25 March 1993
Mostar, Bosnia & Herzegovina
What a hectic but fruitful first day in Mostar!
Today marks our first presentation of Project : Mostar 1993 to the Ministry of Post Conflict Rehabilitation. About a month ago, I received an unexpected phone call from Minister Dobroslav to take up a reconstruction job for Mostar. In the conversation, he sounded rather positive and constantly expressed his high expectation for the project as the state government is ready to invest more in Mostar, due to its potential of becoming another socialist catalyst city in the Bosnian region after Sarajevo. He wanted the damaged city to be redesigned from a utopian point of view, which should reflect the characteristics of Yugoslav architecture - experimental, decentralised and permissive.
As a Yugoslavian, I always acknowledge the fact that our architecture has been a contrast to the principles of Socialist realism, serving the late President Josip Broz Tito’s wish to emphasise our country’s independence from the Soviet Union since the late forties. Bogdan Bogdanovic’s work is one of the best examples to represent Yugoslav architecture for its experimental, archaic and mythological forms. Ever since Tito’s death in 1980, Yugoslav architecture has been losing its sparks, mainly due to political instabilities. We almost forgot how Yugoslav architecture excelled at its technology advancement after World War II, how we attracted worldwide attention for our intensive experiments in reinventing social relations, how we plunged into experimentation and utopian thinking without reservation for creating futuristic yet pragmatic architecture.
In today’s meeting, we presented the utopian architecture of Mostar through some designs for postcards and collages of some of Vjenceslav Richter’s works. The Ministry was very impressed by the design methodology as well as the idea of continuing and realising Vjenceslav Richter’s concept of “sinturbanizam” (synthesis urbanism), probably the only full-fledged utopian vision ever imagined in the socialist Yugoslavia back in the fifties. The idea is to compress the cities into “ziggurats” to solve the problem of mobility and to minimise time wasted in travelling. Its signature shape is formed by apartment units cascading down its sides, each with a generous terrace. The intention is to have each ziggurat functioning as a self-managing community, with all living functions as part of the collective organism, gaining a sense of belonging and responsibility. Richter’s sinturbanizam is contemporary to Yona Friedman’s urban voids, Japanese Metabolism and Archigram due to their shared characteristics: a focus on mobility, a technocratic approach to solving problems, organicism as the underlying metaphor for the solution and megastructure as specific form of solution.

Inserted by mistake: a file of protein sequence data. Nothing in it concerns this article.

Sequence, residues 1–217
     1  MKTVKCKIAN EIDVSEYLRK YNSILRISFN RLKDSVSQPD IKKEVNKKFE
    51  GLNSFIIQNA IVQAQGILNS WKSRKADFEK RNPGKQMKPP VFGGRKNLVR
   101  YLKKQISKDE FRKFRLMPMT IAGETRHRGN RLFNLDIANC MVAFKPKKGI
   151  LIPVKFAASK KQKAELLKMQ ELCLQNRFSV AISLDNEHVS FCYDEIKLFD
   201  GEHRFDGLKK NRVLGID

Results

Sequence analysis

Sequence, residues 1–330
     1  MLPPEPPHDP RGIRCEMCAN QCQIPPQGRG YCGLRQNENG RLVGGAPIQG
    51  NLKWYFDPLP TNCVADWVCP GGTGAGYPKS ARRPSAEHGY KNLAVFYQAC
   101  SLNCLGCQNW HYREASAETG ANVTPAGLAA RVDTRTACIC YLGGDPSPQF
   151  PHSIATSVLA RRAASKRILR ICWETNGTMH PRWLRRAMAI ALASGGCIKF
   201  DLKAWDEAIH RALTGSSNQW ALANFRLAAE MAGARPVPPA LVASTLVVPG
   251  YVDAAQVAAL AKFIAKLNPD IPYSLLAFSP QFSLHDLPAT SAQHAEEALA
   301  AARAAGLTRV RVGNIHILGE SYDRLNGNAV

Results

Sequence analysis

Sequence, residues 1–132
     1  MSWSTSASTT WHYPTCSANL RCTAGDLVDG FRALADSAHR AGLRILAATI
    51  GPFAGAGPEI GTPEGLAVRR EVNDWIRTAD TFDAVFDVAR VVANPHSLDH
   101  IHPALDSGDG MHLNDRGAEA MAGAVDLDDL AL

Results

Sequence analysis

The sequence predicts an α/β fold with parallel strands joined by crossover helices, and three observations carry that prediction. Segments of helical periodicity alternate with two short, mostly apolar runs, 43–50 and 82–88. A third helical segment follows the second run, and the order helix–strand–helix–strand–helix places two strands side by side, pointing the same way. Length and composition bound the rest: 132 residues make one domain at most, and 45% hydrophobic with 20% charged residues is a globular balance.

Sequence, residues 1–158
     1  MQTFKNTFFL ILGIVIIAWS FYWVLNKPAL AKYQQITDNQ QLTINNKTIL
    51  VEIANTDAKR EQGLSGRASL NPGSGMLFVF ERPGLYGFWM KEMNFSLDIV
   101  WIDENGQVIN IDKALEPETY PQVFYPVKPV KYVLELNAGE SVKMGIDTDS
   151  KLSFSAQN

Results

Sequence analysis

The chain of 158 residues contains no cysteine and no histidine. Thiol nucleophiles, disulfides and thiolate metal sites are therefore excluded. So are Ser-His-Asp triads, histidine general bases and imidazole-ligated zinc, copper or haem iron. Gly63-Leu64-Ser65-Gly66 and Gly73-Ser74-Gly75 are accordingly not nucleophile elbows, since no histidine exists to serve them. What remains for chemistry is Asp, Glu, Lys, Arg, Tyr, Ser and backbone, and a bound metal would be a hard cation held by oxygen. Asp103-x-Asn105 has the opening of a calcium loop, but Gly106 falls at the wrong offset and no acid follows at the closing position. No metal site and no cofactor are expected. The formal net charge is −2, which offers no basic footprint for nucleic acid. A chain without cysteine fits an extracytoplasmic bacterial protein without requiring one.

Despite the Ministry’s ambitious vision for the future Mostar, we also have a concern with preserving a handful of significant and repairable post-war monuments in Mostar, like the Neretva Hotel, Bristol Hotel, Razvitak Mall, Beirut Apartment and Mostar Railway Station, which we have successfully incorporated in today’s proposal. We are glad that the Ministry shares our thoughts, as we believe this city needs a proper representation of its past for a dynamic and optimistic future, carrying the mutual culture and symbolism vital to its society.
Drawing techniques : Digital collage, paper & card modelling, wood block modelling, 3D modelling.